Flashback to December 11, 2013 at 4:59pm.
Two chimneys: one for the oil furnace, one for the wood-burning insert in the fireplace.
A light dusting of snow melts soonest where the 2X6 rafters are all that lies between the warm air of the kids’ bedrooms upstairs and the roof. They show like ribs on a feverish, bedridden child.
At the back of the house the cat door leaks heat into the neighbourhood. Among the clearly defined rafters are splotches of dark where the snow has melted around the plumbing and roof vents as well as above the joint between the original house and the shed addition.
Between the rafters in these photos–under those rectangular blocks of snow–is fiberglass batt insulation. Its insulation value is probably about R14.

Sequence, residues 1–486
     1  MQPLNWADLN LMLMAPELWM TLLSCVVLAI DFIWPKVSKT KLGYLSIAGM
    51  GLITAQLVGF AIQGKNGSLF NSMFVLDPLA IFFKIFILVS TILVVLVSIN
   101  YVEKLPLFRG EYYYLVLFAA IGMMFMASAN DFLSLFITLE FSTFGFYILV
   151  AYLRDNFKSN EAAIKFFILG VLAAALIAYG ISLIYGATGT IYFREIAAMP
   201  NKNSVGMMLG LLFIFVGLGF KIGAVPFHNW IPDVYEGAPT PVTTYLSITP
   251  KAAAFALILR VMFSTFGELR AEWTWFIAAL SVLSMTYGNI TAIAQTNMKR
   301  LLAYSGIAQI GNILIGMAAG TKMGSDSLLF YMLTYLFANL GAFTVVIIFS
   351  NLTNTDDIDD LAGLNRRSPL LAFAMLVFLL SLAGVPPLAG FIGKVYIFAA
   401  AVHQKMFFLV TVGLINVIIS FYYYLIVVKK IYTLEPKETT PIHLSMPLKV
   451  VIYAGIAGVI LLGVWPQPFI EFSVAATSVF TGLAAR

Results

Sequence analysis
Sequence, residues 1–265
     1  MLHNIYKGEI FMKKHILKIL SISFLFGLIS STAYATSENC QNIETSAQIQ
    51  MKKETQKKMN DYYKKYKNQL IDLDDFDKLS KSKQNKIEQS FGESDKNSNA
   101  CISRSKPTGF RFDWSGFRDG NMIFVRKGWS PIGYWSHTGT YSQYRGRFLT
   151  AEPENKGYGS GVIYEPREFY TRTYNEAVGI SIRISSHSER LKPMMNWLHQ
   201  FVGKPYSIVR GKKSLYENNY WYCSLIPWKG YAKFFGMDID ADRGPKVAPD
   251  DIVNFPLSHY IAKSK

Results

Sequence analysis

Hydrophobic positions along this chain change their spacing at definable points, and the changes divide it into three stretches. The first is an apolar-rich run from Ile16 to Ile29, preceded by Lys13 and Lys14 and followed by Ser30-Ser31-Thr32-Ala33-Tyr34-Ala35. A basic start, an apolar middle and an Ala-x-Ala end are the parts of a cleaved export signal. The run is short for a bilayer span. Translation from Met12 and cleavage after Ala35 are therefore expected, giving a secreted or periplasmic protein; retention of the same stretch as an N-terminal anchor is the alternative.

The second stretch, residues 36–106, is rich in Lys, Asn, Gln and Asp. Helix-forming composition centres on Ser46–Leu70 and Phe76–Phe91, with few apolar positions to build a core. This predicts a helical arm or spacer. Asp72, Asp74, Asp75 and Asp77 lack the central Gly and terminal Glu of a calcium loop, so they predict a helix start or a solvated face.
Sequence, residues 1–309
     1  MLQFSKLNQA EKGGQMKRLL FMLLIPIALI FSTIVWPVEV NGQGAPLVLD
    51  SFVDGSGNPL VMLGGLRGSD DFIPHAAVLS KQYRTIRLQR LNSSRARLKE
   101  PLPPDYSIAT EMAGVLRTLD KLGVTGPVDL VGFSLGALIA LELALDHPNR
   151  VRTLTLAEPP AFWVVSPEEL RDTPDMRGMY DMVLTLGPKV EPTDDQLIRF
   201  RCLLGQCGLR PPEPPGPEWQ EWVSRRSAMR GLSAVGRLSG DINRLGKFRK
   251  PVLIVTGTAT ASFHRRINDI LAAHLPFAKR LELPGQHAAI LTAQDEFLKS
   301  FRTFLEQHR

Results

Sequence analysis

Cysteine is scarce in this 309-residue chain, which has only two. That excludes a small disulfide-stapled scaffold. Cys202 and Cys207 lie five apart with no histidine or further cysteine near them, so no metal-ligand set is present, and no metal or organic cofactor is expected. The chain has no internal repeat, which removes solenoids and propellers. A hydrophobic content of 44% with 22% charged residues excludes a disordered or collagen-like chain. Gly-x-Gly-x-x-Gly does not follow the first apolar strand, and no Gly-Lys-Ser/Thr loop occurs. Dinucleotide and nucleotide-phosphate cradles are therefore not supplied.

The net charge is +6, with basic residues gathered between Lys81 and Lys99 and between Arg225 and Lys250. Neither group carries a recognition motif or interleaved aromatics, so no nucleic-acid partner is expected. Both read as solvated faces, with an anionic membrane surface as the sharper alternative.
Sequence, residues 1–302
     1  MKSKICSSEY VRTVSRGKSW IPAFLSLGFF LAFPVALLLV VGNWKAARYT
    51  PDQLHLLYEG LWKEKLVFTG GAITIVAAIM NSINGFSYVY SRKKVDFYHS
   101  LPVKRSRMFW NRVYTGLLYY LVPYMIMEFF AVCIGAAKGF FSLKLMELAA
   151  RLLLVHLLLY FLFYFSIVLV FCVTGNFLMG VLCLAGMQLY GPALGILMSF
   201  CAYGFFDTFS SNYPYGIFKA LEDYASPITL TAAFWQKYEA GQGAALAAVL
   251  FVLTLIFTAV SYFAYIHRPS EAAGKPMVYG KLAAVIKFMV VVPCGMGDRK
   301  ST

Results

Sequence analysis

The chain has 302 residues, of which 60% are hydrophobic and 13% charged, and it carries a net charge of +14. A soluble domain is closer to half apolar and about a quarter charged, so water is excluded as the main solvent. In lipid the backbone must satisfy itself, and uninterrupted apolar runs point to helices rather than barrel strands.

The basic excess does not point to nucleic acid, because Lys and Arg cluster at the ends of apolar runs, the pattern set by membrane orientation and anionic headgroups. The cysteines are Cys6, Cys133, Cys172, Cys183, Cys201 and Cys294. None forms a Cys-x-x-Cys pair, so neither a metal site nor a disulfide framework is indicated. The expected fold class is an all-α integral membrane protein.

As we get ready to fill the roof rafters of the newly renovated house with insulation, it’s important to look back and see what we’re aiming for. R28 spray foam insulation plus an addition of approximately R14 batts.
That makes R42–an R28 improvement over the old house.
This winter, and in every winter from now on, when it snows on Hammond Forever House, all you will see on the roof is snow. I like to think it will take the sun and a warm day to melt it off.